the ram sessions

  ©  eugene ruffolo

© eugene ruffolo

Hi, sweet blog reader… It's been a really long time since I've shared anything about my album and I apologize for being so out of touch. The truth is, I've been going through one of the most challenging experiences of my life with this creative project and up until now I haven't been ready to say anything about it. But now I am...

Three years ago when I embarked on this project, I had no clue that it would completely unravel my world. What started out as an innocent desire to record some new songs turned into a deep descent into the underbelly of my being. As one who is used to expressing herself with ease, this experience of stuckness has been beyond difficult. It's like I've been on a cosmic hamster wheel with no way off. On top of that, my "stuckness" has been on display for the world to see, and that has made things so much more intense. It's a terrible feeling to do a Kickstarter campaign and have people support your vision, and three years later have nothing to show for yourself. But there it is: It's been three years and I haven't delivered anything yet. 

Along the way tons of people have tried to analyze my situation, but, in truth, no one knows. What do any of us know about another's journey, never mind our own? Everything is shrouded in mystery. The only certainty is that this process has completely overhauled me as a human being, and it's been brutal and shattering and so incredibly lonely. It's been lonely because I've been going through something that has defied explanation, and it's felt like no one on the planet understands. I've mostly found comfort in a story my Dad told me about a year into the project. He said that almost 40 years ago he was at a tiny airport waiting to be picked up by my mom and there were only a few people around. One of them didn't have a ride and my dad offered to give him a lift—it was Paul Simon. He got in the car and as they made their way down the highway, my Dad noticed that Paul looked very down and dejected. Concerned, he asked him if everything was alright. 

"I just can't finish my album." Paul said. "No matter what I do, the tracks won't come together."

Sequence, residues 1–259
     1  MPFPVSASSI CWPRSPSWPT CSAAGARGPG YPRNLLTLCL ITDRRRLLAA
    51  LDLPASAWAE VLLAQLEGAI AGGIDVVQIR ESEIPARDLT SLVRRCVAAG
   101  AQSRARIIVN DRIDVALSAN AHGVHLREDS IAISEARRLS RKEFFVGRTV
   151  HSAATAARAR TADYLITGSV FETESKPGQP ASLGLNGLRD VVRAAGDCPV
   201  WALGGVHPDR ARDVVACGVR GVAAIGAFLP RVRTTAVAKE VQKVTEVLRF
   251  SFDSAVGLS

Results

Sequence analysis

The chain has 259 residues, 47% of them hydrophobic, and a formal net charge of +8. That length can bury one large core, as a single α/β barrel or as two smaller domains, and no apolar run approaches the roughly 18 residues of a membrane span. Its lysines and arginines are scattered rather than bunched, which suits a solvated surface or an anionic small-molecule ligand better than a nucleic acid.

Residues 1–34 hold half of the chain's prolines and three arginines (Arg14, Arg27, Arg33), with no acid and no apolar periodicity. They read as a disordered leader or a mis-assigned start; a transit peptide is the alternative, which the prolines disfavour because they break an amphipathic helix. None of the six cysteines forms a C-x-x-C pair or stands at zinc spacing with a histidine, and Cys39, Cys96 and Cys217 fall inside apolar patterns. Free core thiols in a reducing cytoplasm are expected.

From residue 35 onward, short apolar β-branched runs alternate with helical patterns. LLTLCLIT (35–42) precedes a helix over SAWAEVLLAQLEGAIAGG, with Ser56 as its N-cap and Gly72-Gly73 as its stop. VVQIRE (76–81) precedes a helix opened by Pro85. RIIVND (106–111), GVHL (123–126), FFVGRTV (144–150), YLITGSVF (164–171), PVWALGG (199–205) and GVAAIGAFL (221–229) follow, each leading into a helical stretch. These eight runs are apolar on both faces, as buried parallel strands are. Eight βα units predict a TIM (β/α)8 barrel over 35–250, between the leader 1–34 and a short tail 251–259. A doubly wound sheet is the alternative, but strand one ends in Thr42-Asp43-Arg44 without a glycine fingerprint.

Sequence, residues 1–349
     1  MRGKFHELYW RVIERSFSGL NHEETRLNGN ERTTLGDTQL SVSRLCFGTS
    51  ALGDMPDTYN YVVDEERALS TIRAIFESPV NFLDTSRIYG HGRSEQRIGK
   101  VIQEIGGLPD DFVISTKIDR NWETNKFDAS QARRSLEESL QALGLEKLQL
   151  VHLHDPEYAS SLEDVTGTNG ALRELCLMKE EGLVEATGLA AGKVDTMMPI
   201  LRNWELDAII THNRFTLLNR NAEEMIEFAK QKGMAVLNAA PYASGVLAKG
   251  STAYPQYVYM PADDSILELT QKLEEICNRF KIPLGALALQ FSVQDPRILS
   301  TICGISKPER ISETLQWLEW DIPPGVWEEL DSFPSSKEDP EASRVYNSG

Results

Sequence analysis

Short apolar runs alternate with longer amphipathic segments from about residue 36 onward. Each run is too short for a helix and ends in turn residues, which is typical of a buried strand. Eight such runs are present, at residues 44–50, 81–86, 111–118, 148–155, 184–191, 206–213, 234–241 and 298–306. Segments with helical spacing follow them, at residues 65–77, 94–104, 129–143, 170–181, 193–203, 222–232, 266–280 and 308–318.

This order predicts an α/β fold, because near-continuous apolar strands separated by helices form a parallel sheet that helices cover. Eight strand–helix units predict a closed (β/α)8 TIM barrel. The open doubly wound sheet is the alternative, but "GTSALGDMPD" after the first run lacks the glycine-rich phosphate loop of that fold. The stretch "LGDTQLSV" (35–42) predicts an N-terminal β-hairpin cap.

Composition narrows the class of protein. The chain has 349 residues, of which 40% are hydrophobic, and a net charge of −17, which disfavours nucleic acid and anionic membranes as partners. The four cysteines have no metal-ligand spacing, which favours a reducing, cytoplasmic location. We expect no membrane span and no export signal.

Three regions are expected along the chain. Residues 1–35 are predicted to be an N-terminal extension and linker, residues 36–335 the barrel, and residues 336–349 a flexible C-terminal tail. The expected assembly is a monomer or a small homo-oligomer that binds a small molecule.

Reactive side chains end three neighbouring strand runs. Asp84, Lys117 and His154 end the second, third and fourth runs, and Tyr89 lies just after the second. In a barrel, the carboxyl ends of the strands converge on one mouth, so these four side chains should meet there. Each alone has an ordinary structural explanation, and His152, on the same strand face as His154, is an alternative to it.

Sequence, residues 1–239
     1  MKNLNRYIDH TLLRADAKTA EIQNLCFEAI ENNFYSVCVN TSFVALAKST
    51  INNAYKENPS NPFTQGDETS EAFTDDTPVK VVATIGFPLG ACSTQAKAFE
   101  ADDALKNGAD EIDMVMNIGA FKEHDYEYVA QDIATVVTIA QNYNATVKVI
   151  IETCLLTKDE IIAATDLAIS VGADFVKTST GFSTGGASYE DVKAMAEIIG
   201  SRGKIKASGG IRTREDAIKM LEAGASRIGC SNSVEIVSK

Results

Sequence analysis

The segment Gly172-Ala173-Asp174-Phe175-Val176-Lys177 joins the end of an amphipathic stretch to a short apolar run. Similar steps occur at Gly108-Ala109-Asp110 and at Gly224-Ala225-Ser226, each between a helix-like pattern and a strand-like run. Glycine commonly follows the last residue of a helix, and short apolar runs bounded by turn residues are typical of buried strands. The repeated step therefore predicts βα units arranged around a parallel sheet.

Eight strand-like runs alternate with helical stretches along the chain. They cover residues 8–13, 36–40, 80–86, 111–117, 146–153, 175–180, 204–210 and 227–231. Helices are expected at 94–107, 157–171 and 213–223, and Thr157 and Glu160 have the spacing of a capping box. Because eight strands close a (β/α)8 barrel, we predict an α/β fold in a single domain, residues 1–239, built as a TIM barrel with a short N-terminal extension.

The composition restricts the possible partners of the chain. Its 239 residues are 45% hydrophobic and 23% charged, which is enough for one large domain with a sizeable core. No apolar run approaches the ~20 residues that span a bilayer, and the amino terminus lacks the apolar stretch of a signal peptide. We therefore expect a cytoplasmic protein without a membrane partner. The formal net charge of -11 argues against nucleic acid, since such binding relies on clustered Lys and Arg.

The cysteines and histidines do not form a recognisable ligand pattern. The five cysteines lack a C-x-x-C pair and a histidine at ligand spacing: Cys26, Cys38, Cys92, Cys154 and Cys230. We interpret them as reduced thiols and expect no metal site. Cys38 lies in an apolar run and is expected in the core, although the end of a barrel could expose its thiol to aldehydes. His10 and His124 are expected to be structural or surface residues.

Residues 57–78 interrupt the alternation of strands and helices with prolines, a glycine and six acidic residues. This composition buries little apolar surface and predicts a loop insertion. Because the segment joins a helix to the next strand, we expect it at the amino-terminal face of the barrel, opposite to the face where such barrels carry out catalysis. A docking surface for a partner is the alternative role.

God, those words have been like a beacon during my darkest moments. To know that an artist I admire so much could hit such an impasse—well, it's been encouraging in some strange way. Maybe this kind of stuckness is something that all artists experience at times, and perhaps it's even a necessary part of the path. One thing I've come to understand is that creative energy is a gift—a blessing—and it doesn't belong to the vessel that expresses it…. nor does it work according to the ego's timeline. How can it? The ego lives in the world of instant gratification, but the soul knows that things evolve through some other intelligent design. Who knows, maybe the soul works in dog years. Or light years. But it definitely doesn’t work in ego years. 

Sometimes I wish I could rush my evolution, but nature doesn't work that way. No one looks at an unripe fruit and says, "Why aren't you ripe yet?" It's an absurd question. But why should human beings be any different? We ripen when we ripen. Our projects finish when they finish. Our hearts heal when they heal. Of course effort is needed, but we don't always (or ever) have a say when or what the outcome will be. Other people may judge or criticize, but that just means they don't have the subtle awareness to see what's really going on beneath the surface.

Whether my album gets done in the next month or the next year, one thing is certain: After this experience, I will never again judge another person for their apparent "stuckness"—be it in a creative rut, a bad relationship, a crappy job, or any other pattern. Sometimes shit happens and we need to go through what we need to go through in order to learn important lessons. Those that truly love us will stand by and say, "Don't give up. I believe in you." And everyone else will just push us into deeper self-acceptance. 

At the end of the day, what matters is not the final product, but the journey. Ultimately, this whole shebang has just been a divine plot to help me learn more about patience, self-love, and surrender. This became clear a few weeks ago when I hit a wall of despair. After putting forth endless effort to no avail, I just couldn't do it anymore. Slumped at my harmonium with soaking wet eyes, I saw how attached I had become to the project... how terrified I was to give the whole thing up and walk away. But that's precisely what I needed to do. As the saying goes: If you set something free and it comes back, it's meant to be. Well, I needed to be willing to look my album in the eye and say, "Thank you for kicking my ass and helping me grow. I love you. And I'm willing to let you go." So that's what I did, and as I released my grip, I fell through some cosmic rabbit hole into a new world. The next day, everything flowed in the studio and it's been flowing ever since.